Vietnam: Sex Ratios at Birth Increasingly Imbalanced
Thursday, November 4, 2010 2:15 PM

The United Nations Population Fund reports that sex ratios are becoming increasingly imbalanced in Vietnam, with far more boys being born than girls in the past five years. Most recently, for every 100 females, 110.6 males were born - compared to a norm of 105.

This data is particularly concerning because of how quickly the rapid increase in the proportion of boys has occurred. Other Asian countries, such as China and Korea, have even greater sex imbalances, with 130 and 116 males being born to every 100 females respectively; however, both of these countries saw such imbalances develop over thirty years. In addition, the disparity between male and female births is declining in both of these countries.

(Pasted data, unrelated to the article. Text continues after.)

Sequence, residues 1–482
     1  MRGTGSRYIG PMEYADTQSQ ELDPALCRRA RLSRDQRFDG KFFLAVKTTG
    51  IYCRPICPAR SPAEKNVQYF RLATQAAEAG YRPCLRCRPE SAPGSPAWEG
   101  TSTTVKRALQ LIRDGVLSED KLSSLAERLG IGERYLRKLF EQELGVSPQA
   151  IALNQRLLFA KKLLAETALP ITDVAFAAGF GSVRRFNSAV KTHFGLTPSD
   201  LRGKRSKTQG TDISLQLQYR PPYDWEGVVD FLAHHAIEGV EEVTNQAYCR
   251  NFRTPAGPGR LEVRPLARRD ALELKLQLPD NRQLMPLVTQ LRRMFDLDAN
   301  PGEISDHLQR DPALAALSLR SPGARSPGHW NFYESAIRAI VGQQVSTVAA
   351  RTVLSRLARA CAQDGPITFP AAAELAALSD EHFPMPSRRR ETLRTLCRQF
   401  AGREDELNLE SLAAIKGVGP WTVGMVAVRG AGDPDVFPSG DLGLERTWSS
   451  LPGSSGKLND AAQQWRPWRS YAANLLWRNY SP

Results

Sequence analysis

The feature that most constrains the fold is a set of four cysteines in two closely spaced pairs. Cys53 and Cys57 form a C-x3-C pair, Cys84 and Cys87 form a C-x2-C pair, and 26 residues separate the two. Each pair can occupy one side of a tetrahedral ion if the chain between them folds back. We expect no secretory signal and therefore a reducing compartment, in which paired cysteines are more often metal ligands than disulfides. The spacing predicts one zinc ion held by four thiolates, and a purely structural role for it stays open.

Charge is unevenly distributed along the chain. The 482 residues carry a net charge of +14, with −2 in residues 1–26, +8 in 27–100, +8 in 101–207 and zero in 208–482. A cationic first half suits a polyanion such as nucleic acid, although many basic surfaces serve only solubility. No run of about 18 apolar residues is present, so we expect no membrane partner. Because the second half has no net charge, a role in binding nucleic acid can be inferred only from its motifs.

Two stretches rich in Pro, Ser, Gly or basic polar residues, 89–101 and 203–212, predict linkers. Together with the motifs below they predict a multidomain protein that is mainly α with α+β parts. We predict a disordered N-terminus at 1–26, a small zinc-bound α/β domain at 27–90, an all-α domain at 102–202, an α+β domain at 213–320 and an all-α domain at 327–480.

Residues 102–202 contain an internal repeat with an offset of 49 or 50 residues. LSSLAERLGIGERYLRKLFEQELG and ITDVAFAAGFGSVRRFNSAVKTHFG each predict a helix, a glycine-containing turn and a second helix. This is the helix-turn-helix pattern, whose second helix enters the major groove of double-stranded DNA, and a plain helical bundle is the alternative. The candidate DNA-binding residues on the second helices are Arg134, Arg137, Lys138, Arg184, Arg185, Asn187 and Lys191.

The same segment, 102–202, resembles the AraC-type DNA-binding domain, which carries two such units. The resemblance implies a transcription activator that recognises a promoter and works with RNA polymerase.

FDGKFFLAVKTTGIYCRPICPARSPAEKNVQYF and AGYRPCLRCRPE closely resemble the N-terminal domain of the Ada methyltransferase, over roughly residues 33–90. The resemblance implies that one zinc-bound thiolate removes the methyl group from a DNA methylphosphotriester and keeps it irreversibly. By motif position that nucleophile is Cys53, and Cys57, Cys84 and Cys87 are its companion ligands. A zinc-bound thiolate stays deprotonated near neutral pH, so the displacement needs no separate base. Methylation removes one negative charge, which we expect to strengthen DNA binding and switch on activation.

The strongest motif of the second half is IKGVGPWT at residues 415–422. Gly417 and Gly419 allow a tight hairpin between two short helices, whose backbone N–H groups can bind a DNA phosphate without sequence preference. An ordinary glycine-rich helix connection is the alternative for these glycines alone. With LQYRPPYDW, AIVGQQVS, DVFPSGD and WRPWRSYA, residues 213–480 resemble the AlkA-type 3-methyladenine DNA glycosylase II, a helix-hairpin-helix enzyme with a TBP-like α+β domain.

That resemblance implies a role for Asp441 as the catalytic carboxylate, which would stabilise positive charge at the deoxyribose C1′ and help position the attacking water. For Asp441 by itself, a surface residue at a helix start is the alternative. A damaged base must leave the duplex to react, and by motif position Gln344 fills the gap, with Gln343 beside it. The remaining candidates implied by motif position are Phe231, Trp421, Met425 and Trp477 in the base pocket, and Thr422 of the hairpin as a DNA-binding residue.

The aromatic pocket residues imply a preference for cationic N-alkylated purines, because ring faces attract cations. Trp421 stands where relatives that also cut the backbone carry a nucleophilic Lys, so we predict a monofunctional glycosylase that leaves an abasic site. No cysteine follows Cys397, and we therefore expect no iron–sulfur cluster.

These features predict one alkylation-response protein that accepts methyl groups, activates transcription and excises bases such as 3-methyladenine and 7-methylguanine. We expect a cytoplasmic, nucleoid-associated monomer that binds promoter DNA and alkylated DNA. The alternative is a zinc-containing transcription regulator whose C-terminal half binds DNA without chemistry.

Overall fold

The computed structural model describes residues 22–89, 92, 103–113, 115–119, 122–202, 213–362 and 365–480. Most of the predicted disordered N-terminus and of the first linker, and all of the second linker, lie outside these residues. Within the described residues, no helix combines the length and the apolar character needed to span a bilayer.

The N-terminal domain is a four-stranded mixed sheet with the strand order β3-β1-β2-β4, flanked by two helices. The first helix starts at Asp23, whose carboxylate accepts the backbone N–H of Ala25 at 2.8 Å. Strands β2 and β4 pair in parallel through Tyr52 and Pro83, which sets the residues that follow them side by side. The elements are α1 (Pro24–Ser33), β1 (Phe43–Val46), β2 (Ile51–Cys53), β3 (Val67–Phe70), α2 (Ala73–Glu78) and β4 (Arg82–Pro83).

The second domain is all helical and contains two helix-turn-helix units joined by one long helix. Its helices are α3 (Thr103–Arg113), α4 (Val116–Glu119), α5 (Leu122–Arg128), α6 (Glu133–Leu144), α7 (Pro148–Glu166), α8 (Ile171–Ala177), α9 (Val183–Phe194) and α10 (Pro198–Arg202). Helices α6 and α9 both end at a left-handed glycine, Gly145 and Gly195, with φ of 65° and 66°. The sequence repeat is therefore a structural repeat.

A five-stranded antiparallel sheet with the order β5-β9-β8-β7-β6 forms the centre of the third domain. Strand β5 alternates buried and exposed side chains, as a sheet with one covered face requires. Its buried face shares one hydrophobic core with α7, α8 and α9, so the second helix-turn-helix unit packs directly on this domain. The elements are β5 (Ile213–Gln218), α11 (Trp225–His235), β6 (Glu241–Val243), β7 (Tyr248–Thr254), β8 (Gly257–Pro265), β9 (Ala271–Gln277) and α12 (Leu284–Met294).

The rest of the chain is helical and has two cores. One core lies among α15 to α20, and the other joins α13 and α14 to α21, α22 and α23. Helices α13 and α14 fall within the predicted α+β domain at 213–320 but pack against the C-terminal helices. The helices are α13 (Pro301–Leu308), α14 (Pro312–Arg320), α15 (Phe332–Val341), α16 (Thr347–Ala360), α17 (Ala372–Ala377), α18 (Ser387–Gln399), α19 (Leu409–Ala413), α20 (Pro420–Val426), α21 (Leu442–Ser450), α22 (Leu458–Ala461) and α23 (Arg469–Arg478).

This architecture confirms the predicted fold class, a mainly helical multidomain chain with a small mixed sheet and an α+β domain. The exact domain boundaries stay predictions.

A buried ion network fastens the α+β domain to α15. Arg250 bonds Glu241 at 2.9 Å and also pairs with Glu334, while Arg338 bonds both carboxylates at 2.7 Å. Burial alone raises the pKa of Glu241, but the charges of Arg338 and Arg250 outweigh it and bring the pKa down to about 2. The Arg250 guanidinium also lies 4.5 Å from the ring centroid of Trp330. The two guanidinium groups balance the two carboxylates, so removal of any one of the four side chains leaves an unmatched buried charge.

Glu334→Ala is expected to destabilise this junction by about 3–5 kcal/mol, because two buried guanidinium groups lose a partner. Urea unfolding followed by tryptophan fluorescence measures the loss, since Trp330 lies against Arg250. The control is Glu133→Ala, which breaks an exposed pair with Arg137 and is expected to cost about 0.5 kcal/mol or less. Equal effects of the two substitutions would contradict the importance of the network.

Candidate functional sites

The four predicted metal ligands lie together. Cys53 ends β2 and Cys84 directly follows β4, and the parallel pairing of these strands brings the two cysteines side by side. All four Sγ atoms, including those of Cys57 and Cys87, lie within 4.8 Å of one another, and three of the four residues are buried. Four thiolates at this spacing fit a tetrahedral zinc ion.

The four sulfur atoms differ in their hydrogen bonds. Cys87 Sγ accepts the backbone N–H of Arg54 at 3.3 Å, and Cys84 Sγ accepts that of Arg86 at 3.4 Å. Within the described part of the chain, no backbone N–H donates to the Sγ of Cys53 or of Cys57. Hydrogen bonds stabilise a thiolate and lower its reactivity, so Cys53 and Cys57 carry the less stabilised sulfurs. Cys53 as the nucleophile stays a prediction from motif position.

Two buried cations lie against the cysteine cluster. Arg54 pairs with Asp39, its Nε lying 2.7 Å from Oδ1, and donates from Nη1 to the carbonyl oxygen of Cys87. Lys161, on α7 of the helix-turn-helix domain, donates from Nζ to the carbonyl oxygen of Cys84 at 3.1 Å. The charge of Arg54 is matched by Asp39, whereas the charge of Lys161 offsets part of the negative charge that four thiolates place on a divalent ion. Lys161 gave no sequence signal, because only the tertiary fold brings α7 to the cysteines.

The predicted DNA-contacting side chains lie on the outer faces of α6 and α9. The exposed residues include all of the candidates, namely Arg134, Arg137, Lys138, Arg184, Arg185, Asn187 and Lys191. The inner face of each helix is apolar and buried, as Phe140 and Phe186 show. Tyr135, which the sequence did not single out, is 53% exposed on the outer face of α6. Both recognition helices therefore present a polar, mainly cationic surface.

In response to this trend, Vietnam banned fetal sex-selection in 2003. Other factors continue to contribute to the practice though, such as a son-preference, pressures to have smaller families, and accessibility to affordable and legal sex-selection technologies.

The Vietnamese Ministry of Health has stated that the greatest challenge in overcoming the preference for sons will be changing social traditions that value men over women, because men typically carry on the family name and care for elderly parents. Policies that inform the public and enhance women's status in society have had success in other countries.

Compiled from: UN Warns on Vietnam Birth Ratio, Interagency Gender Working Group, (4 November 2010).